CHICAGO — Myrtle Rose was taking a short flight over suburban Chicago when the 75-year-old aviation enthusiast looked out her cockpit window to see two F-16 fighter jets. She assumed the military pilots were just slowing down to get a closer look at her antique plane.
It wasn’t until she landed her 1941 Piper J-3 Cub that friends and the police told her the attention was much more serious — for straying into restricted airspace during a visit by President Barack Obama.
Rose, who tries to fly every day when weather permits, said she had been itching to get back in the air Wednesday after a number of days on the ground. She normally uses her computer to check for airspace restrictions, but it wasn’t working properly.
“I hadn’t flown in over a week,” she said. “It was a beautiful afternoon.” After some guests departed her home, she “just climbed in the airplane and left.”
To make matters worse, she said, “I didn’t have my radio on. I was just flying around.”
On any other day, the brief flight would never have attracted notice. But Obama was in Chicago for a fundraiser marking his 50th birthday.
“There’s really no excuse for not knowing,” said Lt. Col. Mike Humphreys, a spokesman for the North American Aerospace Defense Command, which scrambled the two warplanes, a proposition that costs $9,000 an hour for each jet. “Anyone who flies an aircraft should know the restrictions.”
Rose said she was about 30 miles from O’Hare Airport when her plane was intercepted. As the fighters appeared, she wasn’t alarmed.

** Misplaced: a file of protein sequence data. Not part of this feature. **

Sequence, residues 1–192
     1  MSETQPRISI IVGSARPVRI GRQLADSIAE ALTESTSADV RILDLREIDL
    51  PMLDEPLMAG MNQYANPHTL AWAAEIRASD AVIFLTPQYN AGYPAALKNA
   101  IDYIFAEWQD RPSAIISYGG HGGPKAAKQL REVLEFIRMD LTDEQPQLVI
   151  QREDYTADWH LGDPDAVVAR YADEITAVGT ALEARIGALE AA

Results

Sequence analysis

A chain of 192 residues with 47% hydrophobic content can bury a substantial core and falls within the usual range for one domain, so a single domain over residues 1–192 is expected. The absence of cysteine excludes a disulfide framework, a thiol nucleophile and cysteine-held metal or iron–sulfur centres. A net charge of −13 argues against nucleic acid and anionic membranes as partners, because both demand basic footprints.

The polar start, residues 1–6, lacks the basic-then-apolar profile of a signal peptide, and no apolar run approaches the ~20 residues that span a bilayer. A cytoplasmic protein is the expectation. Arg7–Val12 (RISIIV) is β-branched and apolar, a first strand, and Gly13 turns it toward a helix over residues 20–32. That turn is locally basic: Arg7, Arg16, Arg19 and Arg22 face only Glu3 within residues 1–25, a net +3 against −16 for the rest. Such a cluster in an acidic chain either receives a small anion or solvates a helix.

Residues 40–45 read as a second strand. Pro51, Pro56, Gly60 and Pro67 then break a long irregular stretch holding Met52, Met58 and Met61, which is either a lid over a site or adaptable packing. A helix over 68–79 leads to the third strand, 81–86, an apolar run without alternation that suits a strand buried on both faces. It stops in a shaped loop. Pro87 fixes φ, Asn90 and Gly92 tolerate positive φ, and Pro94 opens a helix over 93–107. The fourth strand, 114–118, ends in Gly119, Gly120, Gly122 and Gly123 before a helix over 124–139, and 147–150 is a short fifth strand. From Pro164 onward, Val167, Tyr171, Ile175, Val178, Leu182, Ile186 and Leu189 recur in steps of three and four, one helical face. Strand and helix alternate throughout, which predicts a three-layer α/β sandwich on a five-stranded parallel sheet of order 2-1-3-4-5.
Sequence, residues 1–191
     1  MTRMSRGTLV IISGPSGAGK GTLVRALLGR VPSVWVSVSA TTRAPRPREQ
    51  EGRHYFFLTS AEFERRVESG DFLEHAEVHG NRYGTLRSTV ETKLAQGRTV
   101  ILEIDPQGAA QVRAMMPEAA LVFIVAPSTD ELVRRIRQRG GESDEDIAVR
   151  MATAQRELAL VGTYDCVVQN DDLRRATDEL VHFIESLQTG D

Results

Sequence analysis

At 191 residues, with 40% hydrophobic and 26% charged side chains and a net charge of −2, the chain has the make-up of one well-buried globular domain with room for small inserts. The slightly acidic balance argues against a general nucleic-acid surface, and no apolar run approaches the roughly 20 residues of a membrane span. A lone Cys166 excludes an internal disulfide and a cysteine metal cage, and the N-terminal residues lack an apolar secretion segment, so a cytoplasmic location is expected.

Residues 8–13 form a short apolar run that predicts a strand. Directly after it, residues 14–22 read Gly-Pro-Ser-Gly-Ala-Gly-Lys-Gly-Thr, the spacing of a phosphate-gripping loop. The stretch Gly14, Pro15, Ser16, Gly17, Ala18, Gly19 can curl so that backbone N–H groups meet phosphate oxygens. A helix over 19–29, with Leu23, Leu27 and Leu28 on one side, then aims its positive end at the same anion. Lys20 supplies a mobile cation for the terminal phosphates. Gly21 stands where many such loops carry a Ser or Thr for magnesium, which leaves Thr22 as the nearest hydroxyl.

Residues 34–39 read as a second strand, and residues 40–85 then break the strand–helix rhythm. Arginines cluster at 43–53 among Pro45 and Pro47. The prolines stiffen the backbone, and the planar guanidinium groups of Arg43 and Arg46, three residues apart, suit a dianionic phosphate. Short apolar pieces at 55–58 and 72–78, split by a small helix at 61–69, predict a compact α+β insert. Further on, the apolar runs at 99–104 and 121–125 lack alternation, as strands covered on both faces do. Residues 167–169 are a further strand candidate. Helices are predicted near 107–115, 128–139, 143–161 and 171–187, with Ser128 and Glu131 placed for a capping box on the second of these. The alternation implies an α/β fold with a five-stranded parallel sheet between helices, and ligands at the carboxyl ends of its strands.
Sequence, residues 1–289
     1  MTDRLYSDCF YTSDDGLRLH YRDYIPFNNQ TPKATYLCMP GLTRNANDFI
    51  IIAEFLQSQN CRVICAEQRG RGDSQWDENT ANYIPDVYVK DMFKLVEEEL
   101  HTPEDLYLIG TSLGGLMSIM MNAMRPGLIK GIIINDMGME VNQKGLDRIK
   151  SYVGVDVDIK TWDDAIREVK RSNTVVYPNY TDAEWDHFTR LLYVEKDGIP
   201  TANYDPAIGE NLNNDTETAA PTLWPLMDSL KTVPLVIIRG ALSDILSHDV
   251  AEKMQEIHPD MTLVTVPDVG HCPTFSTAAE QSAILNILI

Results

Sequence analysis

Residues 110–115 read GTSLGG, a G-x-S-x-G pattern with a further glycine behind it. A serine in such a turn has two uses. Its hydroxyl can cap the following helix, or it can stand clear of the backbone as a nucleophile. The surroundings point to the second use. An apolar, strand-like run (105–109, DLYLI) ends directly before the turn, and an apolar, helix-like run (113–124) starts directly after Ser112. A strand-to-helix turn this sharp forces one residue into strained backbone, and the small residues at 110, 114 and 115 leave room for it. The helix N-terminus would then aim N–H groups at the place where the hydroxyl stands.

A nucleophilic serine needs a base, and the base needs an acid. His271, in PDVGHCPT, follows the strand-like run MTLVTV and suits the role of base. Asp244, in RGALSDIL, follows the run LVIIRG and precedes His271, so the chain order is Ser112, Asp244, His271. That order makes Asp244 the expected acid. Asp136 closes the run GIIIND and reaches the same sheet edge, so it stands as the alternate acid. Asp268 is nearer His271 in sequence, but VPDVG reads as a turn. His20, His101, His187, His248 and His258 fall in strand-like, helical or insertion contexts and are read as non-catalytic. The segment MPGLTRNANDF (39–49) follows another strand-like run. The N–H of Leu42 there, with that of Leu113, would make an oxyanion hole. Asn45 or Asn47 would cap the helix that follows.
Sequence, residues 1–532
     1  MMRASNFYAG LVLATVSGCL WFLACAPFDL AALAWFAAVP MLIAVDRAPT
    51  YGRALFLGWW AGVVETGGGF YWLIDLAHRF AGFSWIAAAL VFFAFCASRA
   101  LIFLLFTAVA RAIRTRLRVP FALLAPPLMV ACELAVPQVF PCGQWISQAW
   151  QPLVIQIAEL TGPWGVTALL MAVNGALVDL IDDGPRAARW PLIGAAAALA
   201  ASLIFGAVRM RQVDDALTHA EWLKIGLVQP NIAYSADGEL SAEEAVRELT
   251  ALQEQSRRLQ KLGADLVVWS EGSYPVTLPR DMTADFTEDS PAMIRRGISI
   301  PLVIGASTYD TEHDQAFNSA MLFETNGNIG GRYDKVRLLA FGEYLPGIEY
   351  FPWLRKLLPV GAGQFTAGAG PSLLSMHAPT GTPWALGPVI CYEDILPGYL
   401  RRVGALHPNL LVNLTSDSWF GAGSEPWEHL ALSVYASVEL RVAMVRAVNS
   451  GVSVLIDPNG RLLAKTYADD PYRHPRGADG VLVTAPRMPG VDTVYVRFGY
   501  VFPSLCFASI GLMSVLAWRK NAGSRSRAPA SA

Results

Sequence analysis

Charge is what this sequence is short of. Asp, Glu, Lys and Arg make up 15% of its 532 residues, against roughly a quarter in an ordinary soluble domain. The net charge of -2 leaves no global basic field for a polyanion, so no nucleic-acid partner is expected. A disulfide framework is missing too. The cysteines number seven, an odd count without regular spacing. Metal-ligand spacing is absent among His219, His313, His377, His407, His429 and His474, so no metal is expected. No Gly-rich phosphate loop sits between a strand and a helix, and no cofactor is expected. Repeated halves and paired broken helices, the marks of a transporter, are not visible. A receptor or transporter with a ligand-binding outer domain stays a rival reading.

“I thought, ‘Oh, well, they’re just looking at how cute the Cub is,” she said Friday in an interview with The Associated Press. The blue-and-yellow plane had won a best-in-class award at the Oshkosh Air Show, a huge annual gathering in Wisconsin.
Another NORAD representative suggested Rose had no business thinking that a military jet racing toward her would be in any way related to the cuteness of her plane.
“The biggest thing to keep in mind is that when F-16s come screaming up to you, they are probably trying to tell you something,” spokeswoman Stacey Knott said.
Rose, who has been flying since the mid-1960s and even performed as a wing walker until five or six years ago, said the jet pilots could not have been more considerate.
Though she never saw their faces — hard to do, she said, since she was puttering along at about 60 mph and the jets were doing what she figured was about 300 mph — she was impressed with the way the pilot who pulled in front of her kept his distance to avoid rattling her wood-and-fabric plane.
“He was very respectful,” she said.
Rose returned to land on the grass airstrip at her home in the affluent South Barrington area. Her late husband owned Rose Packing Co., a meat packer that supplies Canadian bacon to McDonald’s restaurants.
Once she was on the ground, some friends rushed over and told her that the rendezvous had nothing to do with the good looks of the plane named Winston. After the aircraft was in the hangar, her yard began filling with police cars.
Rose said she filled out a report with the Federal Aviation Administration, including a note describing how she mistakenly believed the jets were circling to admire her plane. She said she has not heard from the agency.
FAA spokeswoman Elizabeth Cory said the investigation would probably take several weeks. Penalties could include a fine or a suspension of her pilot’s license, or the agency might not take any action at all.
Rose, a Republican who said she did not vote for Obama, joked about mailing the president a note for his birthday.
“Oh, dear, maybe I should send him a belated birthday card and say, ‘You should have stayed home and Michelle baked you a birthday cake.”’
Rose said she does have a bone to pick with NORAD, or whoever released the information about her close encounter with the jets.
“The worst part is they put my age in there,” she said. “I don’t think that was nice.”